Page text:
I have witnessed Frank in that role and been impressed by his quiet mastery of it. Frank holds firm opinions but he is not a dogmatic man and is always open to argument. In my experience he is an unusually strong team player. He keeps his eye on the ball and knows instinctively where the play is heading and that success will come most surely when individual strengths are combined and focused on common goals.
Frank’s focus is not solely economic as is evidenced by his continuing interest in education, his chairmanship of the Advisory Council on Educational Planning and of the NZ Council for Educational Research, and his 1975 knighthood for services to economics and education.
The wider field of social policy and cultural matters was most publicly evident during his association with the Planning Council. The 1976 report of the task force on economic and social planning, New Zealand at the Turning Point, which led to the creation of the Council, includes an interesting discussion on the changing balance between racial and cultural pluralities and the importance of focusing on the multicultural nature of New Zealand society, concluding that failures within “the halls of power” had “largely been fostered by an illusion that “minorities” should somehow be content to discard their identity and merge with the dominant group.”
I don’t know whether Frank, who chaired the Taskforce, or one of his associates, drafted these words but I do know that he will have weighed and approved them. Frank’s interest in multi and bi-cultural matters is also evident, in a somewhat surprising place, in a short discussion on the opening page of his 1972 text Money Finance and the Economy. Discussing the distinction between barter and gift-exchange in the pre-European Maori economy he wrote, in words which resonate in the context of current discussions on the seabed and foreshore
“What was acceptable was determined by a mixture of conventions, hints and tacit understandings. Each transaction had the appearance of being free and spontaneous, but in fact it was based on a strict system of obligation, both to give when occasion arose and to accept a gift when offered, with a moral commitment to repay by another gift of at least equal worth.”
I am not far from done but I want to pick out one other thread from Frank’s work, his long-term interest in defining the proper role of government in relation to the evolving balance of economic activity. Given his life-long commitment to promoting more open economic structures one might presume that Frank would adopt a strictly laissez-faire response, but this is not so. In the recently published version of a 1950s paper, The Quest for Security and Welfare in New Zealand 1938-1956, Frank reviewed the pattern of sectoral development and concluded that whilst the efficiency of manufacturing activity could have been assisted by a “somewhat less protective policy” efficiency could also have been promoted by more positive actions, such as institutional innovations in finance, increased spending on research and a decision to invest much more heavily in higher education.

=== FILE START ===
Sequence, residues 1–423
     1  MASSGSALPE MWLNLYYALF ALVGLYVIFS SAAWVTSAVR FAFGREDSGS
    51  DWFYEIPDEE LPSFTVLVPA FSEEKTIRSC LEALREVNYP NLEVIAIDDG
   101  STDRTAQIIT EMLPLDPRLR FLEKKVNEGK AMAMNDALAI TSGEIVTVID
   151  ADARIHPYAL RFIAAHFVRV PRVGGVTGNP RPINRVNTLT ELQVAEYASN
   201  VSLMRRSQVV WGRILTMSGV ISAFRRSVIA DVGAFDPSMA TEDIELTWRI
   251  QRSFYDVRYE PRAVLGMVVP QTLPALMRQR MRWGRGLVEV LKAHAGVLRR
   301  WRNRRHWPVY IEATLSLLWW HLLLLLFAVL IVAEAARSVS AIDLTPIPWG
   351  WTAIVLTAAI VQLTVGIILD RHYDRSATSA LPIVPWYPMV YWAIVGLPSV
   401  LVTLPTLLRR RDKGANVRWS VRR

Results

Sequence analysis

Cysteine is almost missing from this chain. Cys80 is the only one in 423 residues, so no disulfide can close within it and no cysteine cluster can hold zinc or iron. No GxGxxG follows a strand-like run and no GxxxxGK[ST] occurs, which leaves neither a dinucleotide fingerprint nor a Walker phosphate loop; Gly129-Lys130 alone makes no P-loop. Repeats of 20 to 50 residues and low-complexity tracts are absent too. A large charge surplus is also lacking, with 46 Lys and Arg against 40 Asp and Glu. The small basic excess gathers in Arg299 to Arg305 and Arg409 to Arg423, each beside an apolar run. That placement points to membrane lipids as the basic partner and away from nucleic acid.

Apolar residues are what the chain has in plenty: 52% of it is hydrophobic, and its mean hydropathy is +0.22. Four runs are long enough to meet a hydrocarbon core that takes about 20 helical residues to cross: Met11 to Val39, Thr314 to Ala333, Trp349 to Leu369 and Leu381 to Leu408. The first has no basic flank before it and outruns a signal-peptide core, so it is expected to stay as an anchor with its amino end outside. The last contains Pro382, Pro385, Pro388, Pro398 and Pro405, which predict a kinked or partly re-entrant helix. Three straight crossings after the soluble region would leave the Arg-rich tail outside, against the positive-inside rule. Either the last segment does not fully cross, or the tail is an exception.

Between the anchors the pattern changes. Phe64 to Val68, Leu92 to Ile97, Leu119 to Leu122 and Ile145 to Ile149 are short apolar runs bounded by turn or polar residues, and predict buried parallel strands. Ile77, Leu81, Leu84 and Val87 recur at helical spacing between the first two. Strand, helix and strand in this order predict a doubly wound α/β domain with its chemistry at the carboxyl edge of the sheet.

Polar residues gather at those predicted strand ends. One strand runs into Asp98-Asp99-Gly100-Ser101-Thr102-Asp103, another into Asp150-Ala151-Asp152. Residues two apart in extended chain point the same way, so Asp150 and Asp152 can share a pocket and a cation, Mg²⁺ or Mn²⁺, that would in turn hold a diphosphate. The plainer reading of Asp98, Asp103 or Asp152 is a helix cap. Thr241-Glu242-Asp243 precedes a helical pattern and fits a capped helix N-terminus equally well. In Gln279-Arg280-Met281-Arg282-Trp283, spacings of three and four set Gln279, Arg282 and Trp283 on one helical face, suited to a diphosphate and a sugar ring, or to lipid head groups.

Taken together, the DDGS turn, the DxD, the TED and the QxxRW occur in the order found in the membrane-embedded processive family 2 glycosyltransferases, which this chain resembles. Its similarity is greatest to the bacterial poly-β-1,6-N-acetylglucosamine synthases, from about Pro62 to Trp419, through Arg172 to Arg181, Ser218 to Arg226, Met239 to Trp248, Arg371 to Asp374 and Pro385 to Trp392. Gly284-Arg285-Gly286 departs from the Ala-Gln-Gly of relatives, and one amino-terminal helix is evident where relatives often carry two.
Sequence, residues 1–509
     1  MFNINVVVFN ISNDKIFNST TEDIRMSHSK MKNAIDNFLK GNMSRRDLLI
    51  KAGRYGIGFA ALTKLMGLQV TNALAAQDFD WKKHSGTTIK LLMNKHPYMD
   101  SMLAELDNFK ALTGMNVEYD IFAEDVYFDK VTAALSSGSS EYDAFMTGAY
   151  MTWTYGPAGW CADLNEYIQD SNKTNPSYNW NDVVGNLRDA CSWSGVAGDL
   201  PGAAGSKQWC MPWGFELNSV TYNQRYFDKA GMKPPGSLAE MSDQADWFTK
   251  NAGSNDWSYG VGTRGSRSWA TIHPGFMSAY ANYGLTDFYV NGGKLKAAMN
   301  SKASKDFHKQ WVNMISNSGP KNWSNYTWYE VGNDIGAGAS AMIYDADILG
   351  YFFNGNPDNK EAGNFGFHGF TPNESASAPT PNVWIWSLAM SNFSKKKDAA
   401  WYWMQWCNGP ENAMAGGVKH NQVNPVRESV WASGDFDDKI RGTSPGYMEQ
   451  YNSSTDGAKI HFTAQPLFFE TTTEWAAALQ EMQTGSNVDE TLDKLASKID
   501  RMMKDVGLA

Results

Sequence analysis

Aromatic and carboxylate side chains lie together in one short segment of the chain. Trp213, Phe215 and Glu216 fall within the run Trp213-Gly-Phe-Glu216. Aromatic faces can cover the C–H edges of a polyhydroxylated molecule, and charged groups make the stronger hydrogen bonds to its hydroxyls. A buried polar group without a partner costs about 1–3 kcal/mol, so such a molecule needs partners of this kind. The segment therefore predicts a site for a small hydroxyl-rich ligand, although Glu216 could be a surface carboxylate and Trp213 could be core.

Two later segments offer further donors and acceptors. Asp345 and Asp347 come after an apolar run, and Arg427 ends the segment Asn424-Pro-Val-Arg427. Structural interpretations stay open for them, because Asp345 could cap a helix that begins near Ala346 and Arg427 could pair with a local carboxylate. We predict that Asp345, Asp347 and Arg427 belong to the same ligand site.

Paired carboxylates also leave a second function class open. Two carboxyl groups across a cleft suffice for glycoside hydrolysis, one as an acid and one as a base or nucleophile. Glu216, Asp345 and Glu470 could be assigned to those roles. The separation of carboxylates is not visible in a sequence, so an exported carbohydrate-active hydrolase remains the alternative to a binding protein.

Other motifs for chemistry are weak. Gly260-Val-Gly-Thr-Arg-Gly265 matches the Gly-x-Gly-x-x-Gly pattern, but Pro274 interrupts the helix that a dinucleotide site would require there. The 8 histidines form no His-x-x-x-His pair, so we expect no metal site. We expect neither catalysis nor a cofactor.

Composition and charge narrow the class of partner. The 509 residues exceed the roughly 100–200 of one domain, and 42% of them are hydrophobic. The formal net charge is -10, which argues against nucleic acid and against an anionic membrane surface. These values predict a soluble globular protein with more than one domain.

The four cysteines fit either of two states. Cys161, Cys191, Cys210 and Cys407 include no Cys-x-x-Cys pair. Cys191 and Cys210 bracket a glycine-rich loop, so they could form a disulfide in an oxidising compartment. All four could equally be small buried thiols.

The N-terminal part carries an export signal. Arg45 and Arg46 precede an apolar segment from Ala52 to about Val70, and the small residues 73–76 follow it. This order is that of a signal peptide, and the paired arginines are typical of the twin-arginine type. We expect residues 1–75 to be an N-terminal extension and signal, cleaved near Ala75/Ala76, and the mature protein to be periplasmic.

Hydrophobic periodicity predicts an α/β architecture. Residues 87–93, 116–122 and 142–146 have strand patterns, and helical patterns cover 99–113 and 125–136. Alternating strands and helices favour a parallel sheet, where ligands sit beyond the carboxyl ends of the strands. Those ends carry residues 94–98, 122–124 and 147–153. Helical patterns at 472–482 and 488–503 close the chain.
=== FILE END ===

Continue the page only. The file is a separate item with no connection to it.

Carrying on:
In his Sir Sidney Holland Memorial Lecture of 1962, Planning for Growth in a Freer Economy Frank Holmes argued “the current urgency of longer-term planning”, on the need “to work consciously for the development of new exports and new markets, on the one hand, and the encouragement of maximum economy in the use of overseas exchange and the development of industries, using more domestic resources and components, to produce more of our requirements, on the other.”
He went on to discuss the case for longer-term consultative planning, a theme which was developed extensively, fifteen years later, in the Report of the task force on economic and social planning. Consultative planning has had a bad press in recent years and as one who has, like Frank, frequently advocated it, I have to admit that it has its problems and that the case for it changes through time. But, as I look back over New Zealand’s undoubted successes in transforming the structure of its economy, I suggest we can give thanks to people such as Frank for their undogmatic pragmatism, for their preparedness to review the strengths and weaknesses of the actually existing economy and its institutions. To try and define how their performance might be improved and then to argue and advocate the policies that might help us get there. And, at all times, to keep in mind that economic performance is instrumental and needs to be tested within a wider framework encompassing our individual and collective aspirations, both social and cultural.
Frank has had and continues to have a busy life, in academia, in government circles and in the business community, including directorships, at various times, with Norwich Union, State Insurance, the National Bank and Lloyds Bank in Australia. In the short time that we have here I have been able to no more than sketch the reach and depth of his interests. I want to end on a personal note. In our work we are continually reminded that we each have our own perspective, and reviewing Frank’s work I have been reminded of issues on which our judgements have differed. It is fundamentally important to our profession that we continue to explore and define our different viewpoints, because that is the way we test our ideas and develop frameworks of common understanding. Frank is an energetic and tolerant man who has significantly advanced my, and our, understanding of the workings of the New Zealand economy and its relations with the rest of the world. It gives me great pleasure to nominate Frank Holmes as a recipient of the inaugural award as a Distinguished Fellow of the New Zealand Association of Economists.